Dopamine and the early recovery process go hand in hand. When you’re recovering from opiate addiction, your brain is going to experience a lot of changes.
Unfortunately, many of these changes can lead to the recovery “blahs.” That can leave you feeling unmotivated, uninspired, and even depressed.
The more you understand about dopamine and the early recovery process, the easier it will be to take active steps to make your recovery go as smoothly as possible.
First, let’s look at why dopamine affects the brain so much when you have an addiction. Then, we’ll talk about how you can beat the early recovery “blahs.”
Dopamine, Drugs, and Your Brain
Dopamine is a neurotransmitter within the brain. It affects everything from sleep to concentration. What it’s most widely known for, though, is mood regulation. When you experience something good, dopamine is released into the brain. This might be something like getting a raise at work to something as simple as having your favorite dessert.
Certain drugs, like opiates, also typically cause a spike in dopamine. It creates a fast sense of satisfaction and gives your brain the message that you should feel rewarded for what you’re doing.
Because certain drugs make people feel so good, it’s not difficult to become addicted. The more you like something and the better it makes you feel, the more likely you are to do it again and again.
Unfortunately, over time, the brain becomes used to the drug and the surges of dopamine decrease. As a result, you might find yourself needing to take more of the drug or doing it more often.
Why You Experience the “Blahs”
Finding yourself in a rut during recovery is normal. It typically comes after a few weeks of abstaining from a substance. For others, though, it can happen a few months into your recovery period.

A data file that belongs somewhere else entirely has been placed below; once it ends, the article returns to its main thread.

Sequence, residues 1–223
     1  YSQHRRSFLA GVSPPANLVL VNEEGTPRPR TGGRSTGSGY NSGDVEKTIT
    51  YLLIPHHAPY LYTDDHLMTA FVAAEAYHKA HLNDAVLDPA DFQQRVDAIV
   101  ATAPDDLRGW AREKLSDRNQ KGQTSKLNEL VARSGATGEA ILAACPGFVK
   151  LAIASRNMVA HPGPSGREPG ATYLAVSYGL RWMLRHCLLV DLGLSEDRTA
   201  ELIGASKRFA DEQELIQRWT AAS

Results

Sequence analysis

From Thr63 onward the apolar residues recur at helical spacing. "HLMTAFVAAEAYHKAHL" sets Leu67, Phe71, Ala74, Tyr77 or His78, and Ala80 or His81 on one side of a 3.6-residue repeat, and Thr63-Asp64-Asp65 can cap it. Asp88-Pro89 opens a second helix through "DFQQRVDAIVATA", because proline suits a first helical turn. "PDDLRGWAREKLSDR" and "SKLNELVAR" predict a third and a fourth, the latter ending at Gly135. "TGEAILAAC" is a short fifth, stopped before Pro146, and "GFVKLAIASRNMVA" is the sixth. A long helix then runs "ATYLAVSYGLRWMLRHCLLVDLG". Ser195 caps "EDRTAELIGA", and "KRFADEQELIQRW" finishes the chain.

The problem with the recovery “blahs” is that they can sometimes lead to a relapse. Your brain isn’t getting the same release of dopamine that it once was, and it’s very easy to miss that feeling of pleasure, even if you’ve been off the drug for a while.
When your brain is recovering from that consistent increase in dopamine, it can be harder to feel it naturally from positive events or occurrences in your life. Additionally, you might start to feel the rush of success wearing off.
When you first start on your recovery journey and you’re committed to making a change, it’s easy to get a “high” from that. After several weeks, though, you might not get the same rush from it that you once did—even if that feeling of accomplishment is still there. Life might not feel as exciting to you as it did when you were using.
Beating the Recovery “Blahs”
So, what can you do to counteract dopamine and the early recovery problems you might face?
One of the best things is to find ways to boost dopamine in healthy ways. Create excitement for yourself if you’re feeling low or if it seems like your life is “boring” compared to what it used to be.
You don’t have to make huge changes or plan anything extravagant. Try some of the following things to get a boost of excitement:
- Start a new hobby.
- Go for coffee with an old friend.
- Play a sport.
- Try a new dish at your favorite restaurant.
- Go to the spa.
There are endless possibilities for finding healthy ways to increase the pleasure sensors within your brain. When you’re dealing with the recovery “blahs,” these simple things can make a big difference.
If you’re still struggling with recovery and you feel like it’s not getting easier, please contact me.
Opiate addiction is serious, and it takes time and support to get through it. Together, we can work on different ways to make the recovery process easier for you.
Visit here to learn more about how I can help.